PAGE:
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This rather unusual textbook is based more on the experiences of the author than on the standard technic of authorship, and in consequence provides refreshing reading. To the cognoscenti, the continued misspelling of proper names, particularly those of Teutonic extraction, is a jarring note in otherwise good proofreading. The illustrations are of three main types: excellent semidiagrammatic illustrations of operative procedures; photographs of cases, sufficiently retouched and printed clear enough to show the requisite details; and rather indifferent photomicrographs of histopathology. The text material follows the usual classification of ophthalmic textbooks so closely that comment is unnecessary. There is one striking and, at the same time, to the American ophthalmologist, sad feature in the emphasis that is laid on the importance of syphilis in considering the etiology of ocular disease; certain it is that in this country, the spirochete plays no such leading part. Again, the excessive use of cocain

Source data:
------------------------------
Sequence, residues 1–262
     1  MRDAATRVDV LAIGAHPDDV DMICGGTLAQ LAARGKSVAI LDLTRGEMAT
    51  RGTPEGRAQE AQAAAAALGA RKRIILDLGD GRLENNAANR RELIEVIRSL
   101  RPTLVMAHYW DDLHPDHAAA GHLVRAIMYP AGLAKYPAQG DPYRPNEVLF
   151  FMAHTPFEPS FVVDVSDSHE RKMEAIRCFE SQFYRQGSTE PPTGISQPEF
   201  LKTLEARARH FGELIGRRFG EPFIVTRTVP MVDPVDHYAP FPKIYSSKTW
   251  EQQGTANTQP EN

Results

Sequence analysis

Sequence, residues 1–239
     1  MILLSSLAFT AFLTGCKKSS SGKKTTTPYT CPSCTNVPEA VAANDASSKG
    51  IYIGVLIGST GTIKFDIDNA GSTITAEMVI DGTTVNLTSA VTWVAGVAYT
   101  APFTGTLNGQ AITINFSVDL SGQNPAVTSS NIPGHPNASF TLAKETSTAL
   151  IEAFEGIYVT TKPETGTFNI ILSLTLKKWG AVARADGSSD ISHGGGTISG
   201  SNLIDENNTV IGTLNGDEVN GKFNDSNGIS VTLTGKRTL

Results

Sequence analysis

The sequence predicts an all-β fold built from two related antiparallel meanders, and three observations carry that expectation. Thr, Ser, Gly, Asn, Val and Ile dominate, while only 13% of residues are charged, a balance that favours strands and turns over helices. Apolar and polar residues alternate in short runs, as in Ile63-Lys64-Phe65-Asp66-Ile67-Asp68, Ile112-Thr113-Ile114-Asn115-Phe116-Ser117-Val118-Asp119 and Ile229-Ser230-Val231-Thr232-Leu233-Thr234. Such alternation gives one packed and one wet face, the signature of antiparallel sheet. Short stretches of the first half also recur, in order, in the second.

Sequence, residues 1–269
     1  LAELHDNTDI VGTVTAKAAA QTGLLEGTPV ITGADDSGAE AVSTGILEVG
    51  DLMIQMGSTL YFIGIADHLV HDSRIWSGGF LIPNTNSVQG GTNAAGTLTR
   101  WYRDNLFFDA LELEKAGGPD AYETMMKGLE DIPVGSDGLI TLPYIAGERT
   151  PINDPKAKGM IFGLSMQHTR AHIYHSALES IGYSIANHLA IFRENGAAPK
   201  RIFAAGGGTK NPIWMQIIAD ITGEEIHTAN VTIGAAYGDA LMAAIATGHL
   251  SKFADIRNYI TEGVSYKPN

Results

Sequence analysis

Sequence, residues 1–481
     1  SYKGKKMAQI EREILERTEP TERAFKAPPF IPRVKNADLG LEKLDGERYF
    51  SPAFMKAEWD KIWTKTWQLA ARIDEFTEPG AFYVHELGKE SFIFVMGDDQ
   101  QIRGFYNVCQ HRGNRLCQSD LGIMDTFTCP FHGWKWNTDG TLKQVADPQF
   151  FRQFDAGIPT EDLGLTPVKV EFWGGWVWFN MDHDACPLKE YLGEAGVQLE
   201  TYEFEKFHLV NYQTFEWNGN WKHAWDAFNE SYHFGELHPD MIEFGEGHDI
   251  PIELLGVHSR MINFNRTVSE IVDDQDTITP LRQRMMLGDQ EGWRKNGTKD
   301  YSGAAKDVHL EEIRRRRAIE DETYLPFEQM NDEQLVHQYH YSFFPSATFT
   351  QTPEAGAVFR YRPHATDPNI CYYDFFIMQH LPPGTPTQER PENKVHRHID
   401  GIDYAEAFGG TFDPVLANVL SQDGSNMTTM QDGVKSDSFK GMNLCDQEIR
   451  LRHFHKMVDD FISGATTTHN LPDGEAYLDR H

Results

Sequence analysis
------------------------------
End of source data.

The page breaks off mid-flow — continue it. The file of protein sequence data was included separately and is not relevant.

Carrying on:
Traité d'Ophthalmologie. JAMA. 1923;81(26):2204–2205. doi:10.1001/jama.1923.02650260046036
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